The rules of the challenge are: ♠Post your favorite quotes or your own quotes for three (3) posts in a row. ♠Thank the person who nominated you. ♠Pass it on to three (3) other bloggers per quote, each time you post them. Or pass it to nine (9) bloggers if you choose to post all the quotes together, in the same post.

⚠ Note: I will post the three (3) quotes at once. Thus I will nominate nine (9) Bloggers. Also, I thought It would be fun to add those three quotes on personal photographs… So that’s what I did! :D

My nominees for the Quote Challenge are: 1. Deanne’ s World 2. The Girl Has No Name 3. An Elephant Called Buddha 4. Mumbai Metro Mess 5. The Raven’s Nest 6. Mithai Mumblezz 7. Fiesta Estrellas 8. Before Sundown 9. Send Sunshine.

► 🌟Three Quotes, and some Old Photographs🌟

~(Featuring My Family and Me)~ Click on the images to read ~

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►💫 Last but not Least: “Three Awards”💫

I would like to thank  bloggers from Emmanuel Muema’s Blog, Don’t Cha Wanna Dream and Belinda Crane for nominating my blog for a Creative Blogger Award, and two  Sisterhood of The World Bloggers Awards, respectively.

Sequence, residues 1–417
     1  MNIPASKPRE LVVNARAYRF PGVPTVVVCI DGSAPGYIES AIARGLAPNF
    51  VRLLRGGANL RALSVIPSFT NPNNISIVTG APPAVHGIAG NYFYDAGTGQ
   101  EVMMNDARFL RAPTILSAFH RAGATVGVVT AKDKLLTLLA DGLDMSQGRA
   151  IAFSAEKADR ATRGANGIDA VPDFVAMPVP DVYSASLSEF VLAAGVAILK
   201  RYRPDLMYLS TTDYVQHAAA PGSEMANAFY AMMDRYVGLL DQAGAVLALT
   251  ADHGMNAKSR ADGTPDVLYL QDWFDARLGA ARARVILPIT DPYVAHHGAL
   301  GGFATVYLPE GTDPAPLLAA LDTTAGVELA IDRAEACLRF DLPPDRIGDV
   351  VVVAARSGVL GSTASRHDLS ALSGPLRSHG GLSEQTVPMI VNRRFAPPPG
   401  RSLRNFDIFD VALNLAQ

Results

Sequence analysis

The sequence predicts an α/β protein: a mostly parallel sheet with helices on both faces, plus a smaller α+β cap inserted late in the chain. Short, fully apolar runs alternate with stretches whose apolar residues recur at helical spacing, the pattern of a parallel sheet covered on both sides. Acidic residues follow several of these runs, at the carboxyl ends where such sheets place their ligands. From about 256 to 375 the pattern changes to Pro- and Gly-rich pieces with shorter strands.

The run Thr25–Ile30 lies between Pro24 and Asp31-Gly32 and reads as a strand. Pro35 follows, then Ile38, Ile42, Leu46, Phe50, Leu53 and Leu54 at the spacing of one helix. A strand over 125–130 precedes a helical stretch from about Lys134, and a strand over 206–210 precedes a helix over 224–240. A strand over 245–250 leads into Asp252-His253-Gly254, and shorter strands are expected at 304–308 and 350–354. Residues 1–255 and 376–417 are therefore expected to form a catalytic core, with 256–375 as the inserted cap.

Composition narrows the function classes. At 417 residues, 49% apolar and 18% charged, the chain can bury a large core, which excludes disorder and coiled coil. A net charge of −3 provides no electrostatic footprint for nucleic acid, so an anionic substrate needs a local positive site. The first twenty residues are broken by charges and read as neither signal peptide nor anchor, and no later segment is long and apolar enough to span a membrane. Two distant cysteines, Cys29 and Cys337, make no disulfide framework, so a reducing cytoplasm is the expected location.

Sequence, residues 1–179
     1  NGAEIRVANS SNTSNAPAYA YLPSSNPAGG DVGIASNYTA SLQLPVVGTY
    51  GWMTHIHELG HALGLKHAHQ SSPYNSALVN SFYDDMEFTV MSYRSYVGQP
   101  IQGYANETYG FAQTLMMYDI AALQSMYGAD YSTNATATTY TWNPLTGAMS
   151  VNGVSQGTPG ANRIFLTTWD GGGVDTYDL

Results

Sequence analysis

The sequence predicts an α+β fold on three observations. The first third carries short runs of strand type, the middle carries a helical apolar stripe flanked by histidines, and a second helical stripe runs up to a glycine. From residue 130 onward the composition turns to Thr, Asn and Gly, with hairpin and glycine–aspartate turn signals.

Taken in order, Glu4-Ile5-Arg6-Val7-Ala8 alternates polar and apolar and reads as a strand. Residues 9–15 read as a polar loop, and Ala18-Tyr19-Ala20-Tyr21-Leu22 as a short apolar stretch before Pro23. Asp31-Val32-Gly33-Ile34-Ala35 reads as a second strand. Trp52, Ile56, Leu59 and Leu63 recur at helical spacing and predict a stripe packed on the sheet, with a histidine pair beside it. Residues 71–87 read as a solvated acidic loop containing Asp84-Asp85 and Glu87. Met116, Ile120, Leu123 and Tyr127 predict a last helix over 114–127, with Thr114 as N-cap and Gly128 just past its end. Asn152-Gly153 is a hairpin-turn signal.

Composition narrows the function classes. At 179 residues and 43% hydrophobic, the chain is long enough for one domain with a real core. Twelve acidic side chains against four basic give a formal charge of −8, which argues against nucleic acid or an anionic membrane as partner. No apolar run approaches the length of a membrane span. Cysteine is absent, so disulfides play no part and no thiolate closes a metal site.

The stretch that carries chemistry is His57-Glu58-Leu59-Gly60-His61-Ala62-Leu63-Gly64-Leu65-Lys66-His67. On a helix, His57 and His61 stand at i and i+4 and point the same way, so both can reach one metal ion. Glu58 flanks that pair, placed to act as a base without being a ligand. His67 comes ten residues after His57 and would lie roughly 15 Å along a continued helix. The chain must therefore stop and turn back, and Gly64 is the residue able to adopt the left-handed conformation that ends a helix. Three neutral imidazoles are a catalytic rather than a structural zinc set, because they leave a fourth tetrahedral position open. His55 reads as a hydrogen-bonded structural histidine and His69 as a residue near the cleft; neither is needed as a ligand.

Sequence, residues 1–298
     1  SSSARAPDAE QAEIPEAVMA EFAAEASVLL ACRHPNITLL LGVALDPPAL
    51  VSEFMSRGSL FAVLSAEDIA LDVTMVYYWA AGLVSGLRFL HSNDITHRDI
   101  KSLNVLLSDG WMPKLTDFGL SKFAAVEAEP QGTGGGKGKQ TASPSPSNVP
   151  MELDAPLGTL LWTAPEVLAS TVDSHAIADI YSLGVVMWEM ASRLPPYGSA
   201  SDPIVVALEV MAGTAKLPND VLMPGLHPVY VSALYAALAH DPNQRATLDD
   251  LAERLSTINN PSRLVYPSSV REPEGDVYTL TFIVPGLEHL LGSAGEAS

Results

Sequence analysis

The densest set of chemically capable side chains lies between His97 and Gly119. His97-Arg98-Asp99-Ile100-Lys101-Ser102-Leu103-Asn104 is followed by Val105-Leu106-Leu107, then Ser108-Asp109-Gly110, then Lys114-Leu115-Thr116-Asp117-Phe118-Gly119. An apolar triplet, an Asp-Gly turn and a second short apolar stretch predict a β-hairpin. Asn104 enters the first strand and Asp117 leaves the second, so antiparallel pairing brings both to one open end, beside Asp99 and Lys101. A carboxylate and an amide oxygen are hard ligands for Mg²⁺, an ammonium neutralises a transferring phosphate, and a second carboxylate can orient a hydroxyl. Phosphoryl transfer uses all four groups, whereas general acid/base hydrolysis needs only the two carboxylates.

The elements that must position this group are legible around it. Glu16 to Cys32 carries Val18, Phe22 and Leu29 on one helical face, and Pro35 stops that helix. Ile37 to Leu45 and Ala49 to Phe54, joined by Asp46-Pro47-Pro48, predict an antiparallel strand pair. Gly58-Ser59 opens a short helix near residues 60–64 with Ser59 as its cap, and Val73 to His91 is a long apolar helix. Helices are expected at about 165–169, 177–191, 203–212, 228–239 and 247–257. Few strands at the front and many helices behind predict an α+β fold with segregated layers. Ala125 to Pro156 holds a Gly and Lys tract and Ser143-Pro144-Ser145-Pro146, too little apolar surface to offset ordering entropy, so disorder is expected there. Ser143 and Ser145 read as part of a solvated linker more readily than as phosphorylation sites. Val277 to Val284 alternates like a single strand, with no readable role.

I suggest you to check out these blogs and follow them, if you haven’t still done so…

•Rules for these Three Awards: ♠Thank the person who nominated you. ♠Add the logo to your post. ♠Nominate ten (10) bloggers of your choice and tell them about the nomination. 

•Notes:

-As always I am not answering questions. Hence, I will just nominate ten bloggers per award.

-If you have been nominated and want to follow the Nomination Process, just click on the award for which you have been awarded to. That way you’ll be able to grab in regular size!.~ 💗💖💕

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II. Nominees for the Sisterhood of The World Bloggers Award (I)1. Sacred Touches 2. Poetheart 3. Tales from the Fairies 4. Debbie Robson 5. Raine Fairy 6. Big Body Beautiful 7. Peaceful Warrior 8. Spicy Road 9. Of Opinions 10. Cappy Writes.
💥🍒 💥🍒

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HERA

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“The Peacock complaining to Juno”, by Gustave Moreau (1881).

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Hera (Roman equivalent: Juno) was Zeus’ wife and sister, and was raised by the Titans Oceanus and Tethys. She was the supreme goddess, patron of marriage, family and childbirth, having a special interest in protecting married women.